When our children voiced these career goals, we felt compelled to support their decisions, all the while knowing that they might have a change of heart at a later date. Since our teens were truly running their lives, our sole responsibility to them was to maintain the position we had held for so long: Facilitators of their educations. As such, we took our responsibility towards continuing to help them grow quite seriously. At the time our son became interested in fly fishing, he was still involved with studying German, singing in a choir, and volunteering at a radio station. He didn’t give up on these interests. Rather, he continued to expand them and simply began reading about fly fishing. Reading about fishing became an in-depth study of particular aspects of world and United States history, science and literature -- the backbone of any college education. Meanwhile he decided to try a university-level German class. Success in it made him want to try a history class. (His research project for that class had to do with the development of the Catskill School of fly fishing in the eastern United States.) Between fishing, the university classes, and singing, he was able to find ample time to read books (some on tape when he was tying flies) and immerse himself in the life of our community. This well-rounded life was ample preparation for college.
In a similar fashion, when our daughter became deeply interested in acting, we suggested that she read many different plays and playwrights. Her readings, like those taken on by her brother, broadened her understanding of history and literature. When she wasn’t reading or acting she was involved with choir, volunteer work, paid employment, and tons of babysitting. This life experience was ample preparation for college admissions. Like her brother, all the while that she simply lived her life, she honed the skills of a devoted learner.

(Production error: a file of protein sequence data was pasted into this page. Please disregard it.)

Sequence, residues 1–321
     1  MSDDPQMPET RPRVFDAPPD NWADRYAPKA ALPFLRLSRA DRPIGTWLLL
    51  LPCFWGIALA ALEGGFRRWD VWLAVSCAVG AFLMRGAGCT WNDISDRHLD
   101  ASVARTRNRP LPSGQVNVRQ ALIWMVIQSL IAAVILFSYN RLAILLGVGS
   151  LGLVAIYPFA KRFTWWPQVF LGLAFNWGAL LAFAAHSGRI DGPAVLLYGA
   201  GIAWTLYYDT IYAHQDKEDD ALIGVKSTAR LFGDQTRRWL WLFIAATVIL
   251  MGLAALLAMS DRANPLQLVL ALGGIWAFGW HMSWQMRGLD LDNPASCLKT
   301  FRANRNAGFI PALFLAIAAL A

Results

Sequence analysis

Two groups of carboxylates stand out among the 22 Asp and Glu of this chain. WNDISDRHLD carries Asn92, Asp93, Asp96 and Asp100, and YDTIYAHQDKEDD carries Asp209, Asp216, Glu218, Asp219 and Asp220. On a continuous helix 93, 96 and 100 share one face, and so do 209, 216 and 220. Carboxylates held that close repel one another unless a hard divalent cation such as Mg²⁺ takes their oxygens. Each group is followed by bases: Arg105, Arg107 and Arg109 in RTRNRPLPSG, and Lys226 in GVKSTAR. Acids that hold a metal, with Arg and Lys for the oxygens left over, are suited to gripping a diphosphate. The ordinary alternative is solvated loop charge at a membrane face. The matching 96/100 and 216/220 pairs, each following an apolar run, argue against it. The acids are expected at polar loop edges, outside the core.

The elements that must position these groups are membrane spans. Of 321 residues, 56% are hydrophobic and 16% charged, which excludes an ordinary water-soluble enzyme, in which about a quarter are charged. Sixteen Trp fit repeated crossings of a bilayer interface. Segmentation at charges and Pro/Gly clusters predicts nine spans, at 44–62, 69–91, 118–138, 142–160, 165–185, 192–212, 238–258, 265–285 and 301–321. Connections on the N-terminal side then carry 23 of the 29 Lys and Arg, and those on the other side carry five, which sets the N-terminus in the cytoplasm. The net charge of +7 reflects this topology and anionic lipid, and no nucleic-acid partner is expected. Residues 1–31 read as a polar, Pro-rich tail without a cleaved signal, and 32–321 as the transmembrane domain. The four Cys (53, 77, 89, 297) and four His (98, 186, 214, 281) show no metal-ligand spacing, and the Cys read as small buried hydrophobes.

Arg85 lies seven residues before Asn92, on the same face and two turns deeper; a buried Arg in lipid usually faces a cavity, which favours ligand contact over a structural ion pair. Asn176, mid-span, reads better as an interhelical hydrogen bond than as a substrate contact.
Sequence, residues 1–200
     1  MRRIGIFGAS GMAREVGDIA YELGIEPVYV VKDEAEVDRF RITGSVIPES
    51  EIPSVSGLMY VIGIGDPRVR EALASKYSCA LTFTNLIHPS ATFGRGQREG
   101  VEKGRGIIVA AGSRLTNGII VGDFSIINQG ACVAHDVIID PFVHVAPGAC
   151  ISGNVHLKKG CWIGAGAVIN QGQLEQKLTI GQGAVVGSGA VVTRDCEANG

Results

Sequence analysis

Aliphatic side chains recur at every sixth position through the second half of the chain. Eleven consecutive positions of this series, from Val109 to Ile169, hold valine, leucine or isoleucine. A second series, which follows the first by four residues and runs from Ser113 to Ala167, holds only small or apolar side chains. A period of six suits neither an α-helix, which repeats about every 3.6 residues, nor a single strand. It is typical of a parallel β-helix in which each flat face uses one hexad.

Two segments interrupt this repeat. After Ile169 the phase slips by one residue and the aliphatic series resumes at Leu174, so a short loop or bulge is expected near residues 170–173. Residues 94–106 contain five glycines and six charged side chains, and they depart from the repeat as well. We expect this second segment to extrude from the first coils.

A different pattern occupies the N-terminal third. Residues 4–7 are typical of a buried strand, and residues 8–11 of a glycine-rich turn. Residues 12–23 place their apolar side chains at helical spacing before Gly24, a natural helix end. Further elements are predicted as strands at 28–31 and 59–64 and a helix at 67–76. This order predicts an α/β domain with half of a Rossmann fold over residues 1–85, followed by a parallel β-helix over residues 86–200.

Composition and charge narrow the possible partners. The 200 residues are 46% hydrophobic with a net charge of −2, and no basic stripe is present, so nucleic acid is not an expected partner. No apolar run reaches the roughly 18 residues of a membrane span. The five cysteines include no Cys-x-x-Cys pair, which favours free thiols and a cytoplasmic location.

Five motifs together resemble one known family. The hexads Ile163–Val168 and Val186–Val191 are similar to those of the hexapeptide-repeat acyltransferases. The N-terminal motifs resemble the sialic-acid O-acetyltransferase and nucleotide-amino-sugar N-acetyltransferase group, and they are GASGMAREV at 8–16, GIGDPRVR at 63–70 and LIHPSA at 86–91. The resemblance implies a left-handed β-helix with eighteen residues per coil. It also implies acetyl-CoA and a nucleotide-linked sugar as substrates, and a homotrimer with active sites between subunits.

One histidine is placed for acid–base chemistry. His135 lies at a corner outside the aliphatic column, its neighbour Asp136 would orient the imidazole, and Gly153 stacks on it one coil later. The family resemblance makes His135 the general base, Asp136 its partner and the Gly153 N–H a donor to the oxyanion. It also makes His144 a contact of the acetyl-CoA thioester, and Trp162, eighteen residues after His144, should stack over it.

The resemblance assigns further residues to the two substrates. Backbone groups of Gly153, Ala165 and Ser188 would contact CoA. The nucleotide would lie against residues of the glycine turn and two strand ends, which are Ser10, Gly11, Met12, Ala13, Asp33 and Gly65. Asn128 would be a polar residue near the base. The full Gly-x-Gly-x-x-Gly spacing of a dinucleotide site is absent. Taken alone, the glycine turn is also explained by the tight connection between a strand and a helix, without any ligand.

When our children chose college, their devotion to learning and desire to pursue that learning within the context of the college environment, made them strong candidates for admission. There were few skills they didn’t have that would keep them from gaining entry to the schools of their choice. Being self-directed and informed learners, they knew they had to learn math. It took each of them about four months to do so. After that, they found unique paths into colleges and universities. One eighteen-year-old chose to take select courses at a technical college and at a four-year university, in preparation to be matriculated at a third college a year later. The other presented a narrative transcript describing his five-year fishing career, an ACT score, and the record of his college classes to universities and colleges as his record of learning. With these unique backgrounds, both were able to get into college. Most importantly, they never had to sacrifice their unschooled lives to the narrow confines of a standardized curriculum and, like fish to water, they adapted to college life with ease. One has graduated and one is soon to graduate. A.McK.

Alison McKee lives in Wisconsin. She is the author of the popular book “Homeschooling Our Children, Unschooling Ourselves” published by Bittersweet House. (Please see their ad on p. 9)